Prime Minister Antonis Samaras believes Greek bond yields will experience an additional decline.
The state is currently not planning to sell any more of its debt. Last week, the Prime Minister stated: "We anticipate bonds and t-bills' interest rates to decline, and further enhancement of liquidity through investment and privatizations...We didn't want to borrow any more than we needed".
After a four year financial crisis, Greek capital is now permeating in the nation. The whole return on the Hellenic 10-year note has experienced an almost 400% increase, since Samaras was elected in June 2012.
Samaras added, "We don't need more money. We have no fiscal gap, we have no financing gap and, on top of this, we have the ability to go to the markets if necessary...We reached rock bottom and now we can only go up and we will only go up".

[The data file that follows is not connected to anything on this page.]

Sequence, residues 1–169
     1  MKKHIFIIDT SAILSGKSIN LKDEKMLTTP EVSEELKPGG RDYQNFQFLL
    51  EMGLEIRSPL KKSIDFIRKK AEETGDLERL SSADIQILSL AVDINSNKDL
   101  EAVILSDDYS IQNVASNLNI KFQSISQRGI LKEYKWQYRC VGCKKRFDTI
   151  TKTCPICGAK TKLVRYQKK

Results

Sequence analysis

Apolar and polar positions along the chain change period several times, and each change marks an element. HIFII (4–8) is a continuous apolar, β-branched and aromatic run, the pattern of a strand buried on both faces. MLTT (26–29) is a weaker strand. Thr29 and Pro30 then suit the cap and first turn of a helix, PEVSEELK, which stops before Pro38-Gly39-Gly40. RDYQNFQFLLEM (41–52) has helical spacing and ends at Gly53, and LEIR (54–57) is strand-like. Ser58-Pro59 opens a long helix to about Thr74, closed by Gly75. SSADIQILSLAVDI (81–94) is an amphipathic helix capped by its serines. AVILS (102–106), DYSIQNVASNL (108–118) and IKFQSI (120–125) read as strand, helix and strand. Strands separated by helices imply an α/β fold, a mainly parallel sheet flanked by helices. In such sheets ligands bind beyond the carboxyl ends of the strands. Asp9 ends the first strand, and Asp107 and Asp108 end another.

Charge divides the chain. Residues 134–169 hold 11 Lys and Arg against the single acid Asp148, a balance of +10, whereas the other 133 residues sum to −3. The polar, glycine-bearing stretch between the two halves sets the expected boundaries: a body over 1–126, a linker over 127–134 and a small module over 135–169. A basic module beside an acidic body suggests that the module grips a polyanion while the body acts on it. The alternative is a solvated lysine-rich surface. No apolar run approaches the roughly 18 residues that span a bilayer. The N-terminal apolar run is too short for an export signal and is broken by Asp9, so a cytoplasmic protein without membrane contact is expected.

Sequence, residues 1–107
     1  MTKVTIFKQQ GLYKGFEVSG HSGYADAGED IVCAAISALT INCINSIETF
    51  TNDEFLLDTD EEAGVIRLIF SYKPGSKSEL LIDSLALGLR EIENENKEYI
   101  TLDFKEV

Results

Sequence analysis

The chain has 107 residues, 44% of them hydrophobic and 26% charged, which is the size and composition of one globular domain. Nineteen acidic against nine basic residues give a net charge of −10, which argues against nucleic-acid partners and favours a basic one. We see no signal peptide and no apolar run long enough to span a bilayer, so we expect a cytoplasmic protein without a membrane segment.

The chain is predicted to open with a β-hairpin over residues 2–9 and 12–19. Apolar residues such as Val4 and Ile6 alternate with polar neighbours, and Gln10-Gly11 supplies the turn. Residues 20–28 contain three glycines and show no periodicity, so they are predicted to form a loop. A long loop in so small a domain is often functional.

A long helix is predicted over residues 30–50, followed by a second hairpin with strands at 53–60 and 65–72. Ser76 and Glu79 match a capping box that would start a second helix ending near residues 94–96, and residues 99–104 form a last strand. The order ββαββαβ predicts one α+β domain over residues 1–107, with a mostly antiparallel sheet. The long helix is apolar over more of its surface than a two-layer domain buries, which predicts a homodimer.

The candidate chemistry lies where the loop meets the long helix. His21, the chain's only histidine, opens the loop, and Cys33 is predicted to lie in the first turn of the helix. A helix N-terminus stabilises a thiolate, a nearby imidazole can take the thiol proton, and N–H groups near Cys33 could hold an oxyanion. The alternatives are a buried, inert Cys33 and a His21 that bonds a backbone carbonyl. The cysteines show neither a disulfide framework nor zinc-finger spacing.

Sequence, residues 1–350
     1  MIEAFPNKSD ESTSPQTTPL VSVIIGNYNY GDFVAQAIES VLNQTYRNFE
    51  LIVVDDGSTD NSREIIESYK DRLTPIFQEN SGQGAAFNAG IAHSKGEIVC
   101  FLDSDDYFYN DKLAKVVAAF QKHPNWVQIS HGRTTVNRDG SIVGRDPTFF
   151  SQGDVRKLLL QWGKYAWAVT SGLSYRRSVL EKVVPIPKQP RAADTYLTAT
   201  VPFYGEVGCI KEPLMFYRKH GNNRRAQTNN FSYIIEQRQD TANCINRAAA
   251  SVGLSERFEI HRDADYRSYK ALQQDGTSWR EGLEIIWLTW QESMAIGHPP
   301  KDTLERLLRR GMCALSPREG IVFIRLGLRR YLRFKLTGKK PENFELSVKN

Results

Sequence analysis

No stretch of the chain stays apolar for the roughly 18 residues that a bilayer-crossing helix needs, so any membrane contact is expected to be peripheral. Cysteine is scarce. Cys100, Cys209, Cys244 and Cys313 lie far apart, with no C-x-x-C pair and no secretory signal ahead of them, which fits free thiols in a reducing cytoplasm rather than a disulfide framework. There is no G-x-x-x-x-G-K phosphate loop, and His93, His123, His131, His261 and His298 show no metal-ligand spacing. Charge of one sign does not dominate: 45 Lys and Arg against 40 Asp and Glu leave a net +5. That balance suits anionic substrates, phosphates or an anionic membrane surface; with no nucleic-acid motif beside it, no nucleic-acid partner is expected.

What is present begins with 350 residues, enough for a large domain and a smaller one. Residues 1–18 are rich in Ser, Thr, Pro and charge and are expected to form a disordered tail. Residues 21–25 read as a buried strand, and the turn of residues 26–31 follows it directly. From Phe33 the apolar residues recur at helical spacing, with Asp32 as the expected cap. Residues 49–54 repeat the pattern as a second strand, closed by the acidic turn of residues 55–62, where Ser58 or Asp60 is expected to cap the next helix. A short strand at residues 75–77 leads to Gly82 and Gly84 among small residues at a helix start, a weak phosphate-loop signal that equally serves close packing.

The Prime Minister further explained that Greece isn't in a hurry to access markets right now. In last week's Bloomberg interview, he declared, "In the future, we will ask for the money we want, at a lower rate".
Greek bonds have experienced the highest 2014 returns, concerning the thirty sovereign debt markets followed by Bloomberg Bond Indexes. This month, its ten-year benchmark dropped below 6%; compared to 2012's 44.21% rate.